Nearly three-fourths of the deposits held by non-bank financial institutions (NBFIs) will be affected once a new law, which sets a deposit ceiling of Tk50 lakh per person, takes effect.
According to the Bangladesh Bank, the outstanding deposits of NBFIs amounted to Tk44,683 crore at the end of June this year. Among them, Tk12,026 crore was deposited in accounts with balances less than Tk50 lakh, while the remaining Tk32,656 crore was deposited in accounts with balances exceeding Tk50 lakh.
Industry insiders have suggested that the deposit amounts may decrease once the Finance Companies Act 2023, which was passed by parliament last week, is implemented.
The law states that an NBFI cannot accept deposits of more than Tk50 lakh from an individual, and this limit may reach as high as Tk1 crore in total if the individual also deposits in a joint account.
However, the new law gives the Bangladesh Bank the power to set the deposit ceiling at its discretion, which is what the NBFI sector is hoping for.
"We have many depositors who have deposited more than Tk50 lakh in NBFIs. Sometimes the amount even exceeds Tk2-3 crore. The new law could lead to a decrease in deposits," said Md Golam Sarwar Bhuiyan, chairman of the Bangladesh Leasing and Finance Companies Association (BLFCA).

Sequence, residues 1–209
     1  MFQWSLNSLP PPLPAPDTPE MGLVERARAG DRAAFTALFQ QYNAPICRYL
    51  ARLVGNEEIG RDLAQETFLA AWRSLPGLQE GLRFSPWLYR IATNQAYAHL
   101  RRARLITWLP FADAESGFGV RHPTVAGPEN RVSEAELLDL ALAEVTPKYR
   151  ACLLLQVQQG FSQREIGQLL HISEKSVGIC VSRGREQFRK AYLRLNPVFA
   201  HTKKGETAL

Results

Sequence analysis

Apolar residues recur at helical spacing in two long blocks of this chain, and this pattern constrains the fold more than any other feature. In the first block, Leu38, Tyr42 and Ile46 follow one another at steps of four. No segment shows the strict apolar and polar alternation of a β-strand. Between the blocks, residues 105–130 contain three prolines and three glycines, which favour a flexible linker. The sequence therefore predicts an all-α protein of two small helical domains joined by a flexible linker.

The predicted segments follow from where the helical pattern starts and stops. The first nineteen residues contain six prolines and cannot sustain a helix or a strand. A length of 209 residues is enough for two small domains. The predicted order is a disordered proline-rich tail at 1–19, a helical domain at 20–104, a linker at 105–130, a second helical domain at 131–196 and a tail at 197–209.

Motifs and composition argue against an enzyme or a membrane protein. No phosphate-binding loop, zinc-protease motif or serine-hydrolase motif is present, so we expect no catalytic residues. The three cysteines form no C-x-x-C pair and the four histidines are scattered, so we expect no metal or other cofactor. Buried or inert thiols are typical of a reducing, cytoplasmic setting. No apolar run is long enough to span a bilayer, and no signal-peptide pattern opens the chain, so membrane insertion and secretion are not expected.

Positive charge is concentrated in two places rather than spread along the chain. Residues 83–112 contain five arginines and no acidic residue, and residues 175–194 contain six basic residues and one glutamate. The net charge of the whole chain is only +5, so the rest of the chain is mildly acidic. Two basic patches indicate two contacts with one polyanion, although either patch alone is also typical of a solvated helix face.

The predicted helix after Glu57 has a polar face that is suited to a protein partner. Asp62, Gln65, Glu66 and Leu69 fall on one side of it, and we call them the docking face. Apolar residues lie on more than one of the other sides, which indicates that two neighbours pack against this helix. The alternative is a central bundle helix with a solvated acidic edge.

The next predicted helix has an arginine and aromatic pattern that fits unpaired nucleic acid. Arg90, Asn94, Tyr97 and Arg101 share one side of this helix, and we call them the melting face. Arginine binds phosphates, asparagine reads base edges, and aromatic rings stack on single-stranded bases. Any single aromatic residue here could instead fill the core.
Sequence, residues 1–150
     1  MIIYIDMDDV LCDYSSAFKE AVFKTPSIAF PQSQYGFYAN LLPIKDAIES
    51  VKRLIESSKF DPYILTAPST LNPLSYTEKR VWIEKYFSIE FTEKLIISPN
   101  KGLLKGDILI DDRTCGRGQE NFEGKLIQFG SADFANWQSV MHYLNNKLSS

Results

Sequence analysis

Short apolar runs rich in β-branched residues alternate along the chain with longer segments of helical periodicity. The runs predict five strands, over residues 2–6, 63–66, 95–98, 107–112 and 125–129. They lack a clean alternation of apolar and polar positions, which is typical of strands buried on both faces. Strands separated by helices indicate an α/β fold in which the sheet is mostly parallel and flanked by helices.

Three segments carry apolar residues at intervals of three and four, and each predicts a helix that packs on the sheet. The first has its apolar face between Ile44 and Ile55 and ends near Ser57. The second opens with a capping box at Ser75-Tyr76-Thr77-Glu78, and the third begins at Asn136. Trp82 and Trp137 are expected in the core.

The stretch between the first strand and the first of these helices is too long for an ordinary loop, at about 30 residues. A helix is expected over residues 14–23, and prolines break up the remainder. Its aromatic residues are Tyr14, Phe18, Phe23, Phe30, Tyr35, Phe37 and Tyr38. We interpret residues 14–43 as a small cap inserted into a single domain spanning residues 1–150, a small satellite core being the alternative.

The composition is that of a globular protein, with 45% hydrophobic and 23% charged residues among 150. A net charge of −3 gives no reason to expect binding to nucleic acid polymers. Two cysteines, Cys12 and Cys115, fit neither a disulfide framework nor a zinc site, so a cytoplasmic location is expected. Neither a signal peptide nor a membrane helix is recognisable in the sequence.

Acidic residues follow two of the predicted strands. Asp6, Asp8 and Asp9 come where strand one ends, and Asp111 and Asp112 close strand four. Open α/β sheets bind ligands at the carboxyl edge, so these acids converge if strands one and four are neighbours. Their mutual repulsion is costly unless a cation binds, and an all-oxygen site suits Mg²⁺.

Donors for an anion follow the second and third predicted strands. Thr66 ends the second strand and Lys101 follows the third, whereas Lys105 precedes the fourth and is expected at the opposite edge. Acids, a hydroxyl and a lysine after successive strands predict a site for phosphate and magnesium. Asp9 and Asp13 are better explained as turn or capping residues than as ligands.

"However, the central bank has the authority to increase the limit. I believe that the Bangladesh Bank will consider our concerns."
According to central bank data, the NBFI sector has 15,709 accounts with more than Tk50 lakh, including a few accounts with more than Tk150 crore. The new law prohibits these accounts from holding such large amounts.
"Our sector is already facing a liquidity crisis. We have to borrow from different banks to manage our liquidity. On top of that, the central bank has capped our deposit interest rate at 9.93%," said the chief executive officer of a top-tier NBFI. "Many banks are now offering 12-13% interest on deposits. Since we have an interest rate limit but banks don't, we can't compete with them in deposit collection."
Commenting on the possibility of further deposit decreases due to the new law, the CEO of another top-tier NBFI told TBS, "According to our business model, we depend on large deposits. If we now have to collect smaller deposits, we will need to open many new branches and hire more staff, which will significantly increase our operating costs.
"Additionally, deposits above Tk50 lakh cannot be renewed after maturity, meaning that deposits of Tk8-10 crore will need to be reduced to Tk50 lakh."
The CEO commented that the new decision will exacerbate the deposit crisis in the NBFI sector.